The main actant of this fairy tale is a poor woodcutter, and his donor is the magic bird Humà. When the magic bird sees that derelict man sleeping under a tree, he lays a golden egg beside him. The poor man is unaware of the egg’s value, and gives it to a merchant who pays him a pittance. Since the greedy merchant promises him a rupee if the man will bring him the bird who has laid the egg, the woodcutter catches Humà. The Lucky Bird begs him to free him, promising him a priceless jewel if the woodcutter will bring him to his otherworldly family by burning one of the bird's feathers. The main actant is not willing to listen to his donor, as Madmatt does with the talking Tunafish, and he does not give up the prospect of an actual rupee. The woodcutter acts differently from Adamantina who goes to bed without dinner in order to get the Pooavola Doll, as well as from Jack, who gives a cow - his and his mother's last property - for the coloured seeds he desires. Seeing that the bird has died, the woodcutter burns one of his feathers, and suddenly finds himself in the birds' otherworld, where Humà's parents despair over the death of their son. A magic creature turns Humà back to life, and the Lucky Bird rebukes the woodcutter and sends him back to his poverty.
In a European fairy tale the woodcutter unable to listen to a magic donor would end bitterly, condemned to hopeless poverty or to a harsher punishment. Instead, this Kashmir tale goes on to give the poor man another chance, and it gives us too the chance to see an interesting difference between European and Eastern tales regarding generosity and greed.
Humà, the Lucky Bird was collected in Kashmir in 1888 by the Rev. J. Hinton Knowles, and we can recognise a theme that runs throughout the Arabian Nights, the collection that has its roots in the Indo-Iranian area. In the Arabian Nights there are many tales where we find a wise generous King - here named as Caliph Harun ar-Rashid – who is always fair and ready to rescue his subjects and lead the story to its happy ending. In this Kashmir tale the name of this incredibly generous ruler is King Hatam the Noble, and we meet him when the poor woodcutter goes to seek audience with him. The poor man goes to ask this King to help him because he is so poor that his daughters cannot marry, having no dowry at all. But in the meantime, the Noble Hatam had become as poor as the woodcutter. Having nothing else to help the woodcutter, he gives him his only daughter. She is beautiful, and the woodcutter will get what he needs by selling her at the slave market. But along the way they meet another young king who falls in love with the beautiful girl and marries her, giving lots of money to the woodcutter, who finally puts an end to his poverty.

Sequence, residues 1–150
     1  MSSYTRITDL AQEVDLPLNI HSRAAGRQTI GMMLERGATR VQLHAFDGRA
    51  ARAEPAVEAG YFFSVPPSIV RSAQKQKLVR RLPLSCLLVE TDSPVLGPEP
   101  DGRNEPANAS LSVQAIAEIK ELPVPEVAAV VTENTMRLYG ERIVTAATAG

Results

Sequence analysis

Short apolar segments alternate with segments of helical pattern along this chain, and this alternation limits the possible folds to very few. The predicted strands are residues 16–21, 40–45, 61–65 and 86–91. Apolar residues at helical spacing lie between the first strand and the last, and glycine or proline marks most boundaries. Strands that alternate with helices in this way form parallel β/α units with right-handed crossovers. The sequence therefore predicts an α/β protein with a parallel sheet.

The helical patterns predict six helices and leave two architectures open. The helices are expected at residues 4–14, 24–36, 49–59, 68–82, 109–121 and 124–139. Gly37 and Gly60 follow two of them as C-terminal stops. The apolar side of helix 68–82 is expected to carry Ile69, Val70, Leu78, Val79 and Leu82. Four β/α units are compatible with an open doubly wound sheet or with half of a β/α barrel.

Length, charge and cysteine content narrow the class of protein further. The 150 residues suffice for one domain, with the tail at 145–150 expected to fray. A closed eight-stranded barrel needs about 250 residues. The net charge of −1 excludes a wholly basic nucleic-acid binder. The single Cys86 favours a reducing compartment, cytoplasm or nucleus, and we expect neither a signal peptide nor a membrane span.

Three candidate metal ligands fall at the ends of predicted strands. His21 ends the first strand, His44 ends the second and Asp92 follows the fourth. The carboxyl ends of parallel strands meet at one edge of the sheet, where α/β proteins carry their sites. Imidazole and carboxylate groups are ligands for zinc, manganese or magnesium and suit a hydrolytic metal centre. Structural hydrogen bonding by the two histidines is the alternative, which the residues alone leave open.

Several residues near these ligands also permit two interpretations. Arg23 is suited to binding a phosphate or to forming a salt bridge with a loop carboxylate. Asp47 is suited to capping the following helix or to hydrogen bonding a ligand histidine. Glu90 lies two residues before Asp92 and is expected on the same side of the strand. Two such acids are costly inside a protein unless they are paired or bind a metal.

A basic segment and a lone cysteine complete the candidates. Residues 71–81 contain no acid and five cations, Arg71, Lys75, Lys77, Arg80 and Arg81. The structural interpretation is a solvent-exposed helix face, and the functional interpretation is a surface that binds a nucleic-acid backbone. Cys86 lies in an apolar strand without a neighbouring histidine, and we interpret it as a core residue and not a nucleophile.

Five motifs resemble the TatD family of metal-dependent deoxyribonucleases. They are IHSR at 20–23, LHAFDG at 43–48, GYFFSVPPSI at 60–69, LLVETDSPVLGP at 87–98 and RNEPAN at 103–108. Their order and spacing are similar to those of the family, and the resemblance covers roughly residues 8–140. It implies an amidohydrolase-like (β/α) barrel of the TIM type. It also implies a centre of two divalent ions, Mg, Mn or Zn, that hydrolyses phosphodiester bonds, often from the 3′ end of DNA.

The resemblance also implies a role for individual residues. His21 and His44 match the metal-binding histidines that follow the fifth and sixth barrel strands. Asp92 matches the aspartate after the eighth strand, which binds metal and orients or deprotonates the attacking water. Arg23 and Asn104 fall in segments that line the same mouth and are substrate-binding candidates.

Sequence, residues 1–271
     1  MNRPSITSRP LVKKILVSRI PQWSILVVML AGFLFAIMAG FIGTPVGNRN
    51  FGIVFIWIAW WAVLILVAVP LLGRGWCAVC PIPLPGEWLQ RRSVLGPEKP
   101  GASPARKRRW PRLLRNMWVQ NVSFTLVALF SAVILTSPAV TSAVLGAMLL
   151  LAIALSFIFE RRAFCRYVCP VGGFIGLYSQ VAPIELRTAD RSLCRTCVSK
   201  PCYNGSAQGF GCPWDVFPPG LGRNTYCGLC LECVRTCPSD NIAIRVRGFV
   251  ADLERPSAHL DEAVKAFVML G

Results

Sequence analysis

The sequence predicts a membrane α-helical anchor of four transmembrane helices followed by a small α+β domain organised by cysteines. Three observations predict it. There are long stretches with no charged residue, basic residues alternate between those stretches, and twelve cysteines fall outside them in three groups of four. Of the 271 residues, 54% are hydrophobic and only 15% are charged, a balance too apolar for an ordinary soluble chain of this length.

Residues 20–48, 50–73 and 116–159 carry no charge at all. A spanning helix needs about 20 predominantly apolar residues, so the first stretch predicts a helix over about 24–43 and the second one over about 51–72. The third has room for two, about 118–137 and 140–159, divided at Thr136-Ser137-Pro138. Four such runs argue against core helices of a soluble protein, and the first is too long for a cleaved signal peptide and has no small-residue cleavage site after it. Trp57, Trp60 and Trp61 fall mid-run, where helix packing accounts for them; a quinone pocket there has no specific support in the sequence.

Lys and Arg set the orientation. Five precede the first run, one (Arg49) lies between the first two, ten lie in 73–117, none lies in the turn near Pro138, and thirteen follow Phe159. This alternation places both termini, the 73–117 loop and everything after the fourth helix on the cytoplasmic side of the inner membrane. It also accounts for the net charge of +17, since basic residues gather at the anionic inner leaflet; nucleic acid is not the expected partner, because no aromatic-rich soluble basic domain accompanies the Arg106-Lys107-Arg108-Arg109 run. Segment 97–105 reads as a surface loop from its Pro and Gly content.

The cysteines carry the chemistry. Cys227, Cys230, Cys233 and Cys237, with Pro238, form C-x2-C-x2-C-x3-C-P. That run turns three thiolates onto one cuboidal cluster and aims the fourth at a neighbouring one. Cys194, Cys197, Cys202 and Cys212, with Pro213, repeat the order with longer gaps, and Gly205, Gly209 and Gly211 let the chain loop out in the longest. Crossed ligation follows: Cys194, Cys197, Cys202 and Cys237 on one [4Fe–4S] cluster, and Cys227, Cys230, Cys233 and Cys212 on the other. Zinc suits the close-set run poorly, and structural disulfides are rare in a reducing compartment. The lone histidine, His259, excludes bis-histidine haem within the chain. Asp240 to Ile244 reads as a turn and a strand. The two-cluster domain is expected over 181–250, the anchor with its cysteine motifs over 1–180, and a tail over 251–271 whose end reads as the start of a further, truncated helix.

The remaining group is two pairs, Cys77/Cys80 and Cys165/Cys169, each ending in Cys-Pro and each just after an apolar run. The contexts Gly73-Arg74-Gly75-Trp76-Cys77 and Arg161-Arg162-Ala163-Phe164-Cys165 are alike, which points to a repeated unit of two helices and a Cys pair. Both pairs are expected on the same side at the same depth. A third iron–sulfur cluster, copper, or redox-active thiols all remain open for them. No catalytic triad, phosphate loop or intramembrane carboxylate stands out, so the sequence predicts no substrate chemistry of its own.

Thus ends the story of the woodcutter, as the main actant of this fairy tale, but the story of generosity goes on, as a new tale springs out of the previous story. One day the young king who married the princess - thinking her the woodcutter's daughter – carries out a generous action, and his wife says that his action is worthy of King Hatam the Noble. When the king asks her how she knows this king, she answers by telling him who she really is, and how her father gave her to the woodcutter. The young king summons the woodcutter, who tells the same story told by the princess, and also tells of his whole adventure with Humà the Lucky Bird. Astonished at first, the young king then summons King Hatam the Noble and asks him to reign in his stead, because he will do it better than himself, who is still inexperienced and too young. Hatam the Noble gets back a kingdom thanks to his royally generous son-in-law, and under such utopic rulers - non-existent in Europeans fairy tales - justice and happiness can triumph throughout the Kingdom. Not even the golden egg laid at the beginning of our story is forgotten. The greedy merchant is ordered to give it to Hatam the Noble, truly worthy of the magic gift of Humà, the Lucky Bird.